Strong regulations on the press would mutilate originality; prohibit freedom of expression, and kill the British press as we know it.
"Newspapers will never again be solely responsible for policing themselves."
The words of prime minster David Cameron ringing a change in how newspapers will be controlled after the current self-regulatory body failed to stop the phone hacking scandal and the death of the News of the World.
He said there will be a public inquiry to recommend what a new press regulatory body should look like.
Cameron and other MPs agree the Press Complaints Commission (PCC) has failed, with Labour MP Alun Michael branding it a 'joke' and calling for "statuatory regulation of the press and media."
The PCC replied to the prime minister in a statement that said: "The work of the PCC, and of a press allowed to have freedom of expression, has been grossly undervalued today."
Unlike the print media, broadcast journalism is heavily regulated by the governmental body, Ofcom, who impose strict rules on broadcasts and fines those who flout the rules.
Could the same system and regulations be applied to the press?
No. It wouldn't work for newspapers without turning them all into a series of clones, each with the same monotonic headlines and text.
Ofcom requires broadcasters to produce news with "due impartiality and due accuracy and undue prominence of views and opinions." This means no editorial stances on issues and no opinions.
Newspapers sell because of their own political stances. Sales will plummet if they are censored from expressing their own opinions on issues - if they are all forced to be the same by impartiality then there is no freedom of expression.
At election times there would be no papers endorsing parties and candidates. Ofcom states that no prominence can be given to any party or individual and all must be given a chance to speak.
In last year's general elections the Guardian wouldn't have been able to support the Lib Dems. The Sun couldn't win an election for anyone.
The quality of journalism produced would be influenced by strong regulations, journalists would be in fear of what they could and could not print, with the threat of fines hanging over their heads.
Could a system of censorship be introduced? Would a 'watershed' of what is suitable be created? Would Page 3 of the Sun be axed because it would offend?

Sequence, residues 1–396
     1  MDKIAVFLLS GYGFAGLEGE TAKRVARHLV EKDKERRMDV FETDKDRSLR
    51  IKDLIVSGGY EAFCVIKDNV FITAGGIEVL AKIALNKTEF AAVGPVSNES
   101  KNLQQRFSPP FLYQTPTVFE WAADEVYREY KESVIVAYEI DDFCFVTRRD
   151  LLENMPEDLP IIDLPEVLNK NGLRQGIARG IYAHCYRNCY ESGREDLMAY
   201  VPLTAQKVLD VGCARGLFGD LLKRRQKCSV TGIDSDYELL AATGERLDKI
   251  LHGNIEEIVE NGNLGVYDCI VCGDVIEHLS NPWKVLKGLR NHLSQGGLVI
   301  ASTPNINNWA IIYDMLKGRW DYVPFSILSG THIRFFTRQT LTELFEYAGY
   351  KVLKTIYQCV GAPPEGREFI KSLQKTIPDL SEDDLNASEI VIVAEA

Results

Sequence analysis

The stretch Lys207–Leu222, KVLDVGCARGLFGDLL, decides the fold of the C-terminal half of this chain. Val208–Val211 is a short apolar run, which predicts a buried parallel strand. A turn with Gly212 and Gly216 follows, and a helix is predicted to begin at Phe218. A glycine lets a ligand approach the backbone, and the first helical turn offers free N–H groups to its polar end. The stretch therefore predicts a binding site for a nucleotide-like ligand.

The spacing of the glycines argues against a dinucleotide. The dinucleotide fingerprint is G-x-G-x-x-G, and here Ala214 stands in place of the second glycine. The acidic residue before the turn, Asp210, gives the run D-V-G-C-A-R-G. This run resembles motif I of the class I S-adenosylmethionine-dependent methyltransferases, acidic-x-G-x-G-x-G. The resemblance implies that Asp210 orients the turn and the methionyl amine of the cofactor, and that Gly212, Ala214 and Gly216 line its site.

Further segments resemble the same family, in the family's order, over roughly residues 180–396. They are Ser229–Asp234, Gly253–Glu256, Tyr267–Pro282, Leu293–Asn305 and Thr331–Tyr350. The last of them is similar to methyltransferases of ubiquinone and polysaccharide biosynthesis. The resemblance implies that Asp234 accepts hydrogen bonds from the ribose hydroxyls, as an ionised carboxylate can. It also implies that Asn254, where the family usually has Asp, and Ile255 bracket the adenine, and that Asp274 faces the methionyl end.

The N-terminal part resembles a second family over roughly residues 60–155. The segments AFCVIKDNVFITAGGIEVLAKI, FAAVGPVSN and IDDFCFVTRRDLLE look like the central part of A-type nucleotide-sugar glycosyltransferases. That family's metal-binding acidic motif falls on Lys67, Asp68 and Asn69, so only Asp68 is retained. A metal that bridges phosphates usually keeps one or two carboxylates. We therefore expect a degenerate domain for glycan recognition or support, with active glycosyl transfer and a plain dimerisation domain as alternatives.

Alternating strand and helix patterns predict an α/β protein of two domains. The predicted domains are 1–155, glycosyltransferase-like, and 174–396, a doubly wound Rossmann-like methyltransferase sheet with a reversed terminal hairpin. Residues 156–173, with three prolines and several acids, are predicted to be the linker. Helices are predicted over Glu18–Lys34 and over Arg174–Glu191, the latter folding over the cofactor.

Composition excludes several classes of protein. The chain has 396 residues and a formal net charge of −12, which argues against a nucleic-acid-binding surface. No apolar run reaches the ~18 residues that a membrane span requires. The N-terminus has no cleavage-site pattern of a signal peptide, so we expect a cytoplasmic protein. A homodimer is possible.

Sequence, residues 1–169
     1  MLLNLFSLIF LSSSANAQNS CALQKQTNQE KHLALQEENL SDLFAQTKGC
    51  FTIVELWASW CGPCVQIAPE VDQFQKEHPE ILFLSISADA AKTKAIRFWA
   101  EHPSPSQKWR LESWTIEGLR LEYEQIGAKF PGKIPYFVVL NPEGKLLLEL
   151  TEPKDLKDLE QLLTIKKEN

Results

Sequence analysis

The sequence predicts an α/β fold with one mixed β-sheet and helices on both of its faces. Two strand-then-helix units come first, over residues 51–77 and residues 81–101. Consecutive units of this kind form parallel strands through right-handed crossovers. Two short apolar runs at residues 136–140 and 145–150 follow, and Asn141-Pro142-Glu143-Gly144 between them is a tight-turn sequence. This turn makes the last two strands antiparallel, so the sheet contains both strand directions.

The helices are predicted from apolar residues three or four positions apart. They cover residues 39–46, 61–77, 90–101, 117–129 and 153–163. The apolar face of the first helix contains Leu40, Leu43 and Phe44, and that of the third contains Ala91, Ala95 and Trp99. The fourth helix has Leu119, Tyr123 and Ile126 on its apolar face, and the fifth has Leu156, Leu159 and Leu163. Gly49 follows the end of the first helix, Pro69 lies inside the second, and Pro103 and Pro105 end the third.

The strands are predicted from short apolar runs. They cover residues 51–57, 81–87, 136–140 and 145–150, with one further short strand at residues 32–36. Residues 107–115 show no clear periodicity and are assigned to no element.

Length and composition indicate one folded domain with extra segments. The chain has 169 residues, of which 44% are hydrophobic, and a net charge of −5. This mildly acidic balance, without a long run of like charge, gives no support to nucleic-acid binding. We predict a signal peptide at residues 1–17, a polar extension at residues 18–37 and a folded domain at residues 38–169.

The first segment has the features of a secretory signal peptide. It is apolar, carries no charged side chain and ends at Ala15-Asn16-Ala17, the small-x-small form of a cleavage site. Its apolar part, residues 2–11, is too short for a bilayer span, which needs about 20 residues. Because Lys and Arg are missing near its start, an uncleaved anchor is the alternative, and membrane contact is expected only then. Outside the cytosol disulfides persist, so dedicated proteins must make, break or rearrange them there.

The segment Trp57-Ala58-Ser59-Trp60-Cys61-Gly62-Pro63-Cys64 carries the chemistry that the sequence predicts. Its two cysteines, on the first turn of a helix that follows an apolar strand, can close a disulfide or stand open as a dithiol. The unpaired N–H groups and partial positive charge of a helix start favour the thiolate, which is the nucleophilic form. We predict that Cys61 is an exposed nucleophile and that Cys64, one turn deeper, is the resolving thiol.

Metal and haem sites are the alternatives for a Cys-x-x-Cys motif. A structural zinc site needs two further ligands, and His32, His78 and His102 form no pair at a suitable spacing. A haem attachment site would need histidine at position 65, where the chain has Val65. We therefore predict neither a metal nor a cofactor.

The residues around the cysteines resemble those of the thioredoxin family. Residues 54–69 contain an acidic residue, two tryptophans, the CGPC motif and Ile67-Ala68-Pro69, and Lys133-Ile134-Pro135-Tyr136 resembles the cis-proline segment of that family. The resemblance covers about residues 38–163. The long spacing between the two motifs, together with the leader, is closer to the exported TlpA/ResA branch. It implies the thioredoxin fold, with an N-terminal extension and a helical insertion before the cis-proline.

However in a case of history repeating itself this isn't the first time that the self-regulated press has been under threat from the government. The PCC was created in the early 1990s after its predecessor, the Press Council was ruled not to be upholding journalism ethics.
A departmental committee to see whether a body with formal legal powers should be created investigated the Press Council. Thus the PCC was born.
But Cameron, calling for the public inquiry to determine what the new form of regulator should be, said that whatever replaces the PCC should be independent of government. Forcing the question to be asked, like the News of the World closing and potentially being reincarnated as the Sunday Sun, will the PCC just be rebranded and be as ineffective?
I can't see that happening. The phone scandal has been too shocking and memorable to allow a simple rebrand of the PCC. We'll soon have stifled journalists printing plain, un-opinionated stories.
If a system of government statutory regulation would not work for the press then what would? Self-regulation has to remain. The best option may be not allowing members of the PCC to be those that work for newspapers. Outsiders who would not have any party political affiliation or those in the media, and independent panel should be looking into complaints received.
If strict Ofcom style regulations were to control the press all you have to do to find the result is imagine a newspaper created by the BBC.
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